The UK & Ireland Nuclear Free Local Authorities (NFLA) note the UK Government’s publication of its Integrated Strategic Defence Review today, which seeks to pivot the UK from centralising its policy within Europe and more towards a ‘global arena’, particularly the Asia-Pacific region.
Whilst NFLA will consider the report in its totality, of particular concern to us, as it has been to the International Campaign to Abolish Nuclear Weapons (ICAN), is the potential increase in the cap of the UK’s nuclear weapons arsenal. This could reverse Britain’s long-standing principles and commitments to non-proliferation, disarmament and international security. (1)
In Parliament yesterday, the Leader of the Opposition Keir Starmer also focused on this issue, saying:
“This review breaks the goal of successive prime ministers and cross-party efforts to reduce our nuclear stockpile. It doesn’t explain, when, why, or for what strategic purpose.”
The UK’s Integrated Review abandons the UK’s previous commitment of a cap of operational nuclear warheads set at 120, and it raises the overall cap on the UK’s stockpile from 180 to 260 – an increase of more than 40%. The UK says the move is necessary due to the “evolving security environment” without giving any evidence how more nuclear warheads will protect British citizens. According to defence sources speaking to ‘The Guardian’ the decision to lift the UK’s Trident warhead cap by over 40% was motivated by a desire to be more assertive about nuclear weapons: “If we have them, let’s not apologise for it, let’s own it,” an insider told the newspaper. (2)
In a different statement, the UK Foreign Minister Dominic Raab has commented, on the 50th anniversary of the Non-Proliferation Treaty, that the UK Government remain committed to the goal of a world free from nuclear weapons. (3) The decision on not reducing the cap on Trident missiles does not suggest that, in tone as much as in reality. With the crucial 5 yearly Review Conference taking place in the summer NFLA would question whether this shows the UK Government as “working in good faith” to prevent proliferation and accomplish the elimination of all nuclear weapons anytime soon.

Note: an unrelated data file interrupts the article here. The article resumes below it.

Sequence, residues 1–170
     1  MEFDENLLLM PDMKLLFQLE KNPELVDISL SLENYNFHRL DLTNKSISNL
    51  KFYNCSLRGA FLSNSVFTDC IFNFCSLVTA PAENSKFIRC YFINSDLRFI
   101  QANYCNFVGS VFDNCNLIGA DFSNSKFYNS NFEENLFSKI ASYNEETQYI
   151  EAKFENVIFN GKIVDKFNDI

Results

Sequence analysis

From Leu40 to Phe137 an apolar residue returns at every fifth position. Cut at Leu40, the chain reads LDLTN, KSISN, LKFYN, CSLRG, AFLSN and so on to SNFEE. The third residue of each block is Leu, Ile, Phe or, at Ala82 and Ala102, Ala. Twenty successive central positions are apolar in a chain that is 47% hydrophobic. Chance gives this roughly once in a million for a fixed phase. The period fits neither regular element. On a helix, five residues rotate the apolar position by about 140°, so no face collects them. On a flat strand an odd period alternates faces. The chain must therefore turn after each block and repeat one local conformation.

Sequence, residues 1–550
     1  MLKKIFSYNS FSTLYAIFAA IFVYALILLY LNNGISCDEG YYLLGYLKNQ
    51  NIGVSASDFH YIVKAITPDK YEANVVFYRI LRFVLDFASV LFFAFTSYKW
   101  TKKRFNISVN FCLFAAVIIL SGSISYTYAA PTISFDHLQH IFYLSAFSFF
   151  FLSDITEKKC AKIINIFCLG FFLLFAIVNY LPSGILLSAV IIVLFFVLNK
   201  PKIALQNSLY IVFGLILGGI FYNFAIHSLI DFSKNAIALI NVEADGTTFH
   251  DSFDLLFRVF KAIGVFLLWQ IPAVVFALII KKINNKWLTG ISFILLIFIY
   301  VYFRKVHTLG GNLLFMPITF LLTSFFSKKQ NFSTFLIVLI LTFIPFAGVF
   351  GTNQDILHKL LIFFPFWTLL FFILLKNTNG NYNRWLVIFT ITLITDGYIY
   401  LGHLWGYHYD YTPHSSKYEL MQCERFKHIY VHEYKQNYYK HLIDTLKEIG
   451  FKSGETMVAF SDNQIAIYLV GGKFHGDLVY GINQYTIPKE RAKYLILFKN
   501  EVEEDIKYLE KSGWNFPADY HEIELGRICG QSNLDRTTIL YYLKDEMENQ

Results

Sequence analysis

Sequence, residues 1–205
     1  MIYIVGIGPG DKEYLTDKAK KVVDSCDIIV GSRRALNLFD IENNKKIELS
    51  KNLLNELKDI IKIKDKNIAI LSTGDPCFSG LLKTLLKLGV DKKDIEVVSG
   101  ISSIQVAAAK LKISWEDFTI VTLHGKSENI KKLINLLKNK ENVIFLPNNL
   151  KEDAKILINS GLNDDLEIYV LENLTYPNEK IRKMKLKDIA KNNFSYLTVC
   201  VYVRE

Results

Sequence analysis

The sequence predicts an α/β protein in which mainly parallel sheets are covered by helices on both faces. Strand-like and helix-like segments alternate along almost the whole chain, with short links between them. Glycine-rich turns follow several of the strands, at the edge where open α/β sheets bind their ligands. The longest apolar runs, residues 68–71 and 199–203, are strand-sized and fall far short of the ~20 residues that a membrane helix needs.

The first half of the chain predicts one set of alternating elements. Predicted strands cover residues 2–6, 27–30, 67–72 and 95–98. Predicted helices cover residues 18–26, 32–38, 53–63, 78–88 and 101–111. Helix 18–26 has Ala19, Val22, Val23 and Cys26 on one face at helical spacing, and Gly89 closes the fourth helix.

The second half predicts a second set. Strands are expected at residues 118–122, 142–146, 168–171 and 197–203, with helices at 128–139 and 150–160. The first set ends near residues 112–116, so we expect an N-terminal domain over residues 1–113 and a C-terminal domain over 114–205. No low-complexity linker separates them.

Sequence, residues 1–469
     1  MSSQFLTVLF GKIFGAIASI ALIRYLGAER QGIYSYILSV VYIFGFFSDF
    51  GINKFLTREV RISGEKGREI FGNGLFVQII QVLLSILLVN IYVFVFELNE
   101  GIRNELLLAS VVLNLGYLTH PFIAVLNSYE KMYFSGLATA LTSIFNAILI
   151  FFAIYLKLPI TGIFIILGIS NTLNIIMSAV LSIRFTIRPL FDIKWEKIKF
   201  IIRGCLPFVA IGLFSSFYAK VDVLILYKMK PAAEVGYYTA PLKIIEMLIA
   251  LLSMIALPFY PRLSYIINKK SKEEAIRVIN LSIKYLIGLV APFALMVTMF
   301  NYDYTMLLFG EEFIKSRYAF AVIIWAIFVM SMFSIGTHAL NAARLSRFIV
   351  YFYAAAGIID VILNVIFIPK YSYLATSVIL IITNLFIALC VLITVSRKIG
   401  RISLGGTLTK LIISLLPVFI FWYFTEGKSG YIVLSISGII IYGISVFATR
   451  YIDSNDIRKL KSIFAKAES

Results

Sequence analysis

It also remains a disappointing move when the majority of UN member states are in the process of ratifying or supporting the Treaty on the Prohibition of Nuclear Weapons (TPNW), which became a part of the international disarmament regime in January.
As part of this campaign it should be noted that:
- Major international banks and financial institutions are divesting from nuclear weapons production, informed by ICAN’s “Don’t Bank on the Bomb” campaign. A number of Scottish Councils like Renfrewshire, Midlothian, West Dunbartonshire and Inverclyde have passed resolutions supporting divestment in this area from Council Pension Funds.
- A number of Councils across Britain, including Manchester, Edinburgh, Oxford, Brighton and Hove, Norwich and Leeds, have also signed up to support the TPNW. Other Councils will follow.
- Since October 2020, Anglican and Catholic leaders in the UK and a range of faith leaders and prominent opinion formers have openly endorsed the TPNW and called on the UK government to change its stance towards it.